Posted On June 21, 2021
By Fathima Salihah
LinkedIn: Fathima Salihah
Usually, TV commercials and their dramaticism don’t match reality and instead stay within TV. Be grateful that life is not like a typical Sri Lankan TV commercial, where you’d focus on the actors than on the product, and sing out random words to fit the messed-up tune, in high pitched voices, and dance worse than kindergartens… my question is, how on earth can someone have the gut to go in front of a camera and throw their arms and smile awkwardly every three seconds? All the acting I can do is nod my head 3 vertical oscillations per second during online classes!
But there’s one type of ads that matches the reality of Sri Lankan weddings-jewellery ads. You see models wearing the best jewellery for the ads, but honestly, all that glitters is not gold, SOME aunties at the wedding in their sequin filled sarees wearing all jewellery found in the wardrobe, do glitter too! Little would you know that sometimes it’s plated gold…
Keeping all the fun drama aside, have you ever dropped a stone from your bracelet, and picked it up like a detective who’s been searching for clues all day, and thought to yourself, “honestly, how does a real diamond look like?”
The first method is super easy, fill three quarter of a glass with water (that rhymed!), and if the diamond sinks, it’s a real one. That’s quite common sense because diamonds are originally of high density, but did you ever think of this SIMPLE way? No? Neither did I.
The next method is the Fog test, when you’d breath a puff of air to form a fog on the diamond which, if fades in few seconds, would be a real one. But here’s a fun one, diamonds are of great heat-resistant properties, so go ahead and try to melt the stone, because if it does melt, it’s a fake!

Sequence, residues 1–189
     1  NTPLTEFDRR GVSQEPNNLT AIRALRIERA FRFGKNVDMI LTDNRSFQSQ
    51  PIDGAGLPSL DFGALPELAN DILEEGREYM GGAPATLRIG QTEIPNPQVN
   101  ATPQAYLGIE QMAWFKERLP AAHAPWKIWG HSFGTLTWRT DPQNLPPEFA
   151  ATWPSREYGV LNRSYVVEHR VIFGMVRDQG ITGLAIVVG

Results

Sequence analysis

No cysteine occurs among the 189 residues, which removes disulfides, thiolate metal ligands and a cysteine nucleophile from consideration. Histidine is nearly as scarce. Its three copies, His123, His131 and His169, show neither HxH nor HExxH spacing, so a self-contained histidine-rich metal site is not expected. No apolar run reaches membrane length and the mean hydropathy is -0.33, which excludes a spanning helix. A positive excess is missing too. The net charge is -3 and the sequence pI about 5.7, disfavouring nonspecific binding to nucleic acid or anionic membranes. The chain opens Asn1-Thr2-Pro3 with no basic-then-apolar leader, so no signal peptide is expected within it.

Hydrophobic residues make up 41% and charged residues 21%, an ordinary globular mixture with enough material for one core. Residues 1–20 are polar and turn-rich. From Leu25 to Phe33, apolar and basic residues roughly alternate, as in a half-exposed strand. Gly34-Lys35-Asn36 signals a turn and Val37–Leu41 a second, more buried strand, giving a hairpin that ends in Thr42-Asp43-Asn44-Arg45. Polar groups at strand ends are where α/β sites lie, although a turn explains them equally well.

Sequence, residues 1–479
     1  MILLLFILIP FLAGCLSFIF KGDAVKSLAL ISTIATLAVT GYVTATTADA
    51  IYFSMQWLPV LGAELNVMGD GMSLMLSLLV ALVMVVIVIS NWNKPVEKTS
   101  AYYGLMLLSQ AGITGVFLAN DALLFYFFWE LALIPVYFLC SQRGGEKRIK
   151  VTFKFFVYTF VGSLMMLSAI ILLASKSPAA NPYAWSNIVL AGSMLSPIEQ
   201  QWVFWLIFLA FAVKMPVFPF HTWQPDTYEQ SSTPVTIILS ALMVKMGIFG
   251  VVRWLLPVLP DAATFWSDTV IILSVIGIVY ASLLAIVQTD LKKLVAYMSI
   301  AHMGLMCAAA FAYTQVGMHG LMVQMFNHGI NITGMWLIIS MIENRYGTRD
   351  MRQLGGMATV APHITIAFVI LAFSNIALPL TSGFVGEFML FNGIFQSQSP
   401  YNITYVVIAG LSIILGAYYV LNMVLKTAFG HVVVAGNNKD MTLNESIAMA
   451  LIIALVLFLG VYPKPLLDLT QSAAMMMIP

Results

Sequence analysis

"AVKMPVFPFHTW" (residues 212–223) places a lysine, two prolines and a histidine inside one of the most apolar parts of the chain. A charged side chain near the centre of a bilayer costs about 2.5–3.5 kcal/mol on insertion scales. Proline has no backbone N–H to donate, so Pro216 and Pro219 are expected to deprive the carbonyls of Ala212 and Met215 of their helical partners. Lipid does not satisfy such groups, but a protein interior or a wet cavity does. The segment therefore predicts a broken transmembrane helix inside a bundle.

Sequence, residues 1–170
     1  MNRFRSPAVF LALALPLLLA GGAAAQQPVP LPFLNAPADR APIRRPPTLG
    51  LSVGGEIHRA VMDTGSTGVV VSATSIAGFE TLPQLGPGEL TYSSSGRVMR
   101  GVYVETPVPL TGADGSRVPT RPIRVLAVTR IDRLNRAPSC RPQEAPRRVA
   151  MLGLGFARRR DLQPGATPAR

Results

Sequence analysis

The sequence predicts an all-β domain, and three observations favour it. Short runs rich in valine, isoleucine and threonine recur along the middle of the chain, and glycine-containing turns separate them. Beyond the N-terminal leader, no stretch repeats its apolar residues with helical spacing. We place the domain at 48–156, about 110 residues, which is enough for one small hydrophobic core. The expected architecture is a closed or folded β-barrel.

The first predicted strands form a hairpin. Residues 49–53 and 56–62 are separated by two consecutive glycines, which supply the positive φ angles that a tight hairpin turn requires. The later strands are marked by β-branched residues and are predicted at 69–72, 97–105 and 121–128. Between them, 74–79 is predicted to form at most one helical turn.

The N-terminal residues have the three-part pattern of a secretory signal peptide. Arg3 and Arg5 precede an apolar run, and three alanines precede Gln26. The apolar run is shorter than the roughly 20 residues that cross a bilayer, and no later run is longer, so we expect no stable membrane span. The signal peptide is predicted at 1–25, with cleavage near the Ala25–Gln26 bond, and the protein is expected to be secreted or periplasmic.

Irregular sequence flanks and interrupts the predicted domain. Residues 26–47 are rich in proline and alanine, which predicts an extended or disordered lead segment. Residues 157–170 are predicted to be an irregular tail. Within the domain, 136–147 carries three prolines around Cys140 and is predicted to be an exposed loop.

Yet, sources suggest that even though these tests are quick and real, it’s best to consult a diamond expert due to the increasing complexity of synthetic materials of gems and stones, for example, a white topaz would look identical to a diamond, only that the former is of quite softer exterior, prone to scratches. You don’t have to be rich enough to hold diamonds for these tests, but some of these are applicable for sapphires as well.
Pearls, on the other hand are used more frequently and hence look trickier than other jewellery it’s sometimes challenging to find if what you are wearing is genuine and worth the price you paid. Pearl experts use methods such as observation of size, weight and texture under a light microscope, etc. Maybe something you could do at home is to drop your pearls from a height of 2 feet and if they bounce back up more than one foot, chances are that you’re holding the truth!
There’s more to the gem and pearl industries, and it’s fascinating how colourful, sparkly and extravagant these stones look. If you are fond of microscopic textures, gems and pearls could really interest you!